On 74th Anniversary of D-Day, America Remembers Brave 'WASPs'

By Morgan Montalvo


As Allied armies storming the French coast on June 6th, 1944 gazed up at a  seemingly endless armada of friendly fighters and bombers overhead, most of those troops were unaware that they owed their protective air umbrella to a group of elite female civilian pilots who delivered many of those planes to the military.

The Women  Airforce Service Pilots, or WASPS, filled a critical wartime need for  trained pilots who could handle complex, high-performance military  planes, deliver them to the U.S. Army Air Forces, and free male pilots  for combat.

"As planes  were rolling off factory lines, or they were at one air base and needed  to go to another, the WASPs were really critical in making sure that  aircraft - and, when you think about it, military weaponry - were  delivered on time," says Ann Hobing, President and CEO of the National  WASP WW2 Museum in Sweetwater, Texas.

Hobing says  when manpower shortages forced the USAAF to abandon its male-only flying  policy and issue a call for experienced women to help deliver military  aircraft, approximately 25,000 women applied for the program. About  1,800 were chosen, with slightly more than 1,000 completing training to  exacting proficiency standards. 

Many WASP candidates, it turned out,  already had more flying time than most male active-duty pilots, and in a  wider range of aircraft types - experience that would prove invaluable  as wartime ferrying demands increased.

"Collectively,  WASPs flew every single aircraft in the Army's arsenal,"  Hobing says.  "That was over 75 different planes. They were flying fighters and  bombers and cargo planes."  

Most WASPs  trained at Avenger Field, site of the present-day museum west of Fort  Worth.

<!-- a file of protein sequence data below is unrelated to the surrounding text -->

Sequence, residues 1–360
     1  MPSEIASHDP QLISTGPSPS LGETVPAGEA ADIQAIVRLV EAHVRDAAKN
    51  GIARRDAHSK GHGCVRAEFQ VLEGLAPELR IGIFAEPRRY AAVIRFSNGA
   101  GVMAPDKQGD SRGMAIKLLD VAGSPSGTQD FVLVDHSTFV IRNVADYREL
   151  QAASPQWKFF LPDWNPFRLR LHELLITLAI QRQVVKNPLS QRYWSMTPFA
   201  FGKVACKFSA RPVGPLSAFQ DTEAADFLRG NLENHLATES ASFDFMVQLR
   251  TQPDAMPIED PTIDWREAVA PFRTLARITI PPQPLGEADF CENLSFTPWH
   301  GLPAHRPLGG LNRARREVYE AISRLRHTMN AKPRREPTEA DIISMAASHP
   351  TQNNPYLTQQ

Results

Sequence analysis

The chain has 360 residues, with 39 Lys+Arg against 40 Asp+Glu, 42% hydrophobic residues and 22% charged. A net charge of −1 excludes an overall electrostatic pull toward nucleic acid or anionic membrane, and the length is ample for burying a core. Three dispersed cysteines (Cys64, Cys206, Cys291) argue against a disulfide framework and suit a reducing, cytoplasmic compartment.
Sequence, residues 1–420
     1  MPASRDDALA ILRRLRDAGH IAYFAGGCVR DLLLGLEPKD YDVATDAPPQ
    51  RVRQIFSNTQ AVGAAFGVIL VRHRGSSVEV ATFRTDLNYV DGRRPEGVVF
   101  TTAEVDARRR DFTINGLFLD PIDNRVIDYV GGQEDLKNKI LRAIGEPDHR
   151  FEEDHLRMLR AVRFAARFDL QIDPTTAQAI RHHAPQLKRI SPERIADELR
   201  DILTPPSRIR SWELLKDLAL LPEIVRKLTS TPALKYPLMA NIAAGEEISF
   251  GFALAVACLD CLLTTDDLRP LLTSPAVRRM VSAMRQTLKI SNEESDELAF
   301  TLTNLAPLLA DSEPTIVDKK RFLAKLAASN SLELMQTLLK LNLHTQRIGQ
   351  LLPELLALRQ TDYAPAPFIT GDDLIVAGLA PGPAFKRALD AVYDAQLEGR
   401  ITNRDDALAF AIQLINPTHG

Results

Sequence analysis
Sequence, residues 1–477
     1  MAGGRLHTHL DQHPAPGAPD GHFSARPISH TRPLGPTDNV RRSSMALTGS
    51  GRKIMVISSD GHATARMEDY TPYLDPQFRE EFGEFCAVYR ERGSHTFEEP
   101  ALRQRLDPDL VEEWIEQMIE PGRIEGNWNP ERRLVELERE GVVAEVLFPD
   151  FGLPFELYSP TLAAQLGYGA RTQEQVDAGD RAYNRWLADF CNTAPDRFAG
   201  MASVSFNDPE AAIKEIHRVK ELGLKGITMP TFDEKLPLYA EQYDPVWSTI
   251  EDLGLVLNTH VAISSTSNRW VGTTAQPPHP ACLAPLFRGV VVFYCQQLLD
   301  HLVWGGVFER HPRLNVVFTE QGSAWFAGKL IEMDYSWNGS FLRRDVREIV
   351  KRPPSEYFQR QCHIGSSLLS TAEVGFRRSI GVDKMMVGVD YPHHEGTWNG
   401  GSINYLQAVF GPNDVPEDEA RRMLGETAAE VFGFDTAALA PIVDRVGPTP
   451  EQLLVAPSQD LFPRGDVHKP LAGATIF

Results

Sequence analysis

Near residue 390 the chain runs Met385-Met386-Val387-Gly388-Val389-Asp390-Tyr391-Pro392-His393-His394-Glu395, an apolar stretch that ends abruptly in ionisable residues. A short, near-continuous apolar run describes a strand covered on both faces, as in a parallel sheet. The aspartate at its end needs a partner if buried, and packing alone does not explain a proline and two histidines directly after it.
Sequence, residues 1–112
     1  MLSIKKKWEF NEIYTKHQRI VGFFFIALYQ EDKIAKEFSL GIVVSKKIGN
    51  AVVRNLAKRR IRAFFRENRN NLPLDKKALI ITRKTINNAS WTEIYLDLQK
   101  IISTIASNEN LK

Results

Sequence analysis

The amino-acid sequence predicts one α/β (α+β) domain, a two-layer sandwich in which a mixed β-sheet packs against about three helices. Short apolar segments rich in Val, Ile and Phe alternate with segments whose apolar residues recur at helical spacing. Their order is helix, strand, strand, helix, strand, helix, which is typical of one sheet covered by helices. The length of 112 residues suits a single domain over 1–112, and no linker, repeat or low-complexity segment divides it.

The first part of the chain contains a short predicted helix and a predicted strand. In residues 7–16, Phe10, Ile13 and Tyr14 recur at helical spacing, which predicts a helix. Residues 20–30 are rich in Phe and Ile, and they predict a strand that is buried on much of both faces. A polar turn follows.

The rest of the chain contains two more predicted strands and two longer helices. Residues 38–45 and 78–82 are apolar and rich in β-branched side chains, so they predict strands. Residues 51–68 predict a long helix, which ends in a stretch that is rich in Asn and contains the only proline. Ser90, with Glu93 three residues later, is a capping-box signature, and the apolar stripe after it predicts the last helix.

Formal WASP classes, the outgrowth of earlier training  incarnations in Houston,. commenced in 1943. The WASP program ended in  late 1944, with the final class graduating and the program disbanded  shortly before Christmas. 

Throughout the war, the WASPs were considered  civil servants, and denied military benefits or recognition. 

Former  WASPs recall taking up collections to fund the burials of fellow fliers  killed in crashes or related tragedies, and close friends accompanying  victims' bodies to their home towns and families for interment without  military honors.

Thirty-eight WASPs died in service to their country. For decades  former WASPs and supporters campaigned for veterans benefits. In 1977,  President Jimmy Carter signed a bill granting veterans status to the  WASPs, and lawmakers approved the striking of a Congressional Gold Medal  to recognize their exploits.

This year,  the WASPs celebrate 75 years since their creation, and Hobing says  interest in the group continues to grow, especially among young people  as women reach new heights in aviation. 

She says she has fielded  inquiries from students and scholars in at least a dozen countries,  although the bulk of the questions she receives are from everyday  history-minded Americans looking for local links to the  once-long-forgotten aviatrixes.

"Whether it's  stories they heard from their families, or they learn about somebody in  their home town, a lot of it is about individual women," Hobing says.

A Memorial  Day WASP Homecoming at the museum last month honored survivors, who now  number around 55, with five WASPs in attendance, and the facility has  plans for expansion and ongoing education programs, including Science,  Technology, Engineering and Math student and teacher workshops, Hobing  says


The National  WASP WW2 Museum in Sweetwater, Tx tells the story of America's female  civilian pilots who delivered vital aircraft to the U.S. military during  the Second World War.

 Photo courtesy National WASP WW2 Museum.

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